Ours is the first study investigating which life course hypothesis best explains the relationship between tobacco smoking and HPVve OCC in two countries. Considering the limitations of our study, it is more conservative to conclude that our results are only suggestive of a late life sensitive period.


Results from our analyses, applying a new Bayesian relevant life course model, and contrasting results from two countries, are suggestive of a sensitive period for tobacco smoking after 50 years of age on the risk of OCC. Future studies are needed to better understand the phenomena.

Data Availability Statement

The raw data supporting the conclusions of this article will be made available by the authors upon reasonable request for collaborative work, without undue reservation.

Ethics Statement

The studies involving human participants were reviewed and approved by Research Ethics Office (IRB) of the Faculty of Medicine and Health Sciences, McGill University. The patients/participants provided their written informed consent to participate in this study.

Author Contributions

SM and BN contributed to the conception, data collection, data analysis and interpretation, drafted, and critically revised the manuscript. M-CR and LJ contributed to conception, design, data analysis and interpretation, and critically revised the manuscript. BA and DD assisted in the interpretation of results and critically revised the manuscript. All authors have approved the final version of the manuscript.


This HeNCe Life study was funded by CIHR grant numbers: MOP-69062, MOP-201009, DCA-122700, and the Ministere du Developpement economique, de l'Innovation et de l'Exportation du Quebec. BN holds a Canada Research Chair in life course oral epidemiology. SM was a recipient of a Career Award from the Fonds de Recherche du Québec—Santé (FRQ-S). BA was a recipient of doctoral training fellowship from FRQ-S. DD received financial support for her doctoral studies from Réseau de Recherche en Santé Buccodentaire et Osseuse for the year 2021–2022, and is a Kuok Fellow from the Rossy Cancer Network 2022–25.

Conflict of Interest

The authors declare that the research was conducted in the absence of any commercial or financial relationships that could be construed as a potential conflict of interest.

Publisher's Note

All claims expressed in this article are solely those of the authors and do not necessarily represent those of their affiliated organizations, or those of the publisher, the editors and the reviewers. Any product that may be evaluated in this article, or claim that may be made by its manufacturer, is not guaranteed or endorsed by the publisher.


The authors acknowledge the contribution of HeNCe Life Study participants. We would like to thank staff at the Department of Otolaryngology—Head and Neck Surgery as well as the control clinics at the Notre-Dame, Jewish General, Royal Victoria, and Montreal General Hospitals for their support in the recruitment of study participants. We also like to thank our collaborators I. V. Varghese, Shameena Shiraz, at the Indian site of HeNCe Life Study.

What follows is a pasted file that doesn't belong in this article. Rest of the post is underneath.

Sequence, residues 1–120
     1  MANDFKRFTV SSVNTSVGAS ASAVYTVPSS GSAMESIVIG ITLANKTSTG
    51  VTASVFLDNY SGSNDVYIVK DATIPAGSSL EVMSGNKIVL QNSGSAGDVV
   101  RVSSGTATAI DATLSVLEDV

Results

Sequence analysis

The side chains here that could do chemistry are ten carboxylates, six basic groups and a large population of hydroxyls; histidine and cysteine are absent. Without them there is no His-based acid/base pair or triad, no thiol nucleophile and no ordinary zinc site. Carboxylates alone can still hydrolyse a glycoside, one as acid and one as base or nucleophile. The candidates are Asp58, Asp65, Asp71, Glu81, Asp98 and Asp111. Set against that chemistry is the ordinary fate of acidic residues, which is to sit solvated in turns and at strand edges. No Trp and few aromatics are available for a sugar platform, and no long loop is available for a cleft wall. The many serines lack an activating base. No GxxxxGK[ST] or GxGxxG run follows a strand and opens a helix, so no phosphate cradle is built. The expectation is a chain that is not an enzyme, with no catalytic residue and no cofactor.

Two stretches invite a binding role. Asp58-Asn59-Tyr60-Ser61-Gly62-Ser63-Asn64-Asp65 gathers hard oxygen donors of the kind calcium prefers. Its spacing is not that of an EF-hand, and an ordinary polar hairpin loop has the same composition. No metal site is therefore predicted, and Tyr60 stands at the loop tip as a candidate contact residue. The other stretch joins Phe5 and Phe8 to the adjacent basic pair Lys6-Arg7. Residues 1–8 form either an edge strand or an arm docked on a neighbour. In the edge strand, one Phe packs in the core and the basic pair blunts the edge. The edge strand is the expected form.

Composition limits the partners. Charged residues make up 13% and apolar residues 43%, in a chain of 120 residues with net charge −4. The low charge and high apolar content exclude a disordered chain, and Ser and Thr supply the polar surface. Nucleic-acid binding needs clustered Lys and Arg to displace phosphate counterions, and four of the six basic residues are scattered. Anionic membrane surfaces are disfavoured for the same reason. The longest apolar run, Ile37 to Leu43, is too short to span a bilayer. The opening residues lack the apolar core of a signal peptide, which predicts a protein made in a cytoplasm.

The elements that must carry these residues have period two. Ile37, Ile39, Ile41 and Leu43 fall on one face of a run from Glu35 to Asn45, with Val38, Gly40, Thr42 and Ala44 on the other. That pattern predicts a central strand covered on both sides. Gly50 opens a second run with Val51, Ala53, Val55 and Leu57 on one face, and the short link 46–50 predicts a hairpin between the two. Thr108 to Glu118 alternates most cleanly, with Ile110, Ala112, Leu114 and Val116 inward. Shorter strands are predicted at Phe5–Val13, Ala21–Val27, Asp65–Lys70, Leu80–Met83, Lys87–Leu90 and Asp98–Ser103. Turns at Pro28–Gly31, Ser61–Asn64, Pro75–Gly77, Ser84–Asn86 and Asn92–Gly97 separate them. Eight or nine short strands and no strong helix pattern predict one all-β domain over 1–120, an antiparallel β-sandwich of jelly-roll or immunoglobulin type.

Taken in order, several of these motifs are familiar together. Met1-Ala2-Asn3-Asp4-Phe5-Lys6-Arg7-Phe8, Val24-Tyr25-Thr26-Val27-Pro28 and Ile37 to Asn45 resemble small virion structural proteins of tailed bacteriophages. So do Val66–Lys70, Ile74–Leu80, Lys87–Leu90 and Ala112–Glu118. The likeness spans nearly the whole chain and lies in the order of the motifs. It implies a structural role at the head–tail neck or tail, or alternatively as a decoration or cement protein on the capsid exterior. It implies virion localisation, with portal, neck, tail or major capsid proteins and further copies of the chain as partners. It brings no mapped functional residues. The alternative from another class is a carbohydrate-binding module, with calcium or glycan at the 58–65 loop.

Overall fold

Supplementary Material

The Supplementary Material for this article can be found online at:


1. Chaturvedi AK, Engels EA, Pfeiffer RM, Hernandez BY, Xiao W, Kim E, et al. Human papillomavirus and rising oropharyngeal cancer incidence in the United States. J Clin Oncol. (2011) 29:4294–301. doi: 10.1200/JCO.2011.36.4596

PubMed Abstract | CrossRef Full Text | Google Scholar

2. Fakhry C, Psyrri A, Chaturvedhi A. HPV and head and neck cancers: state-of-the-science. Oral Oncol. (2014) 50:353–5. doi: 10.1016/j.oraloncology.2014.03.010

PubMed Abstract | CrossRef Full Text | Google Scholar

3. Wild C. World cancer report 2014. In: Wild CP, Stewart BW, editors. Geneva: World Health Organization (2014).

Google Scholar

4. Castellsagué X, Alemany L, Quer M, Halec G, Quirós B, Tous S, et al. HPV involvement in head and neck cancers: comprehensive assessment of biomarkers in 3680 patients. J Natl Cancer Inst. (2016) 108:djv403. doi: 10.1093/jnci/djv403

PubMed Abstract | CrossRef Full Text | Google Scholar

5. Wyss A, Hashibe M, Chuang S-C, Lee Y-CA, Zhang Z-F, Yu G-P, et al. Cigarette, cigar, and pipe smoking and the risk of head and neck cancers: pooled analysis in the International Head and Neck Cancer Epidemiology Consortium. Am J Epidemiol. (2013) 178:679–90. doi: 10.1093/aje/kwt029

PubMed Abstract | CrossRef Full Text | Google Scholar

6. Schlecht NF, Franco EL, Pintos J, Kowalski LP. Effect of smoking cessation and tobacco type on the risk of cancers of the upper aero-digestive tract in Brazil. Epidemiology. (1999) 10:412–8. doi: 10.1097/00001648-199907000-00012

PubMed Abstract | CrossRef Full Text | Google Scholar

7. Lynch J, Smith GD. A life course approach to chronic disease epidemiology. Annu Rev Public Health. (2005) 26:1–35. doi: 10.1146/annurev.publhealth.26.021304.144505

PubMed Abstract | CrossRef Full Text | Google Scholar

8. Ben-Shlomo Y, Mishra G, Kuh D. Life course epidemiology. In: Wolfgang Ahrens, Pigeot I, editors. Handb of Epidemiology, 2nd Edn. New York, NY: Springer (2014). p. 1521–49.

Google Scholar

9. Carvalho AL, Nishimoto IN, Califano JA, Kowalski LP. Trends in incidence and prognosis for head and neck cancer in the United States: a site-specific analysis of the SEER database. Int J Cancer. (2005) 114:806–16. doi: 10.1002/ijc.20740

PubMed Abstract | CrossRef Full Text | Google Scholar

10. Farsi NJ, Rousseau M-C, Schlecht N, Castonguay G, Allison P, Nguyen-Tan PF, et al. Aetiological heterogeneity of head and neck squamous cell carcinomas: the role of human papillomavirus infections, smoking and alcohol. Carcinogenesis. (2017) 38:1188–95. doi: 10.1093/carcin/bgx106

PubMed Abstract | CrossRef Full Text | Google Scholar

11. Laprise C, Madathil SA, Schlecht NF, Castonguay G, Soulières D, Nguyen-Tan PF, et al. Human papillomavirus genotypes and risk of head and neck cancers: results from the HeNCe Life case-control study. Oral Oncol. (2017) 69:56–61. doi: 10.1016/j.oraloncology.2017.03.013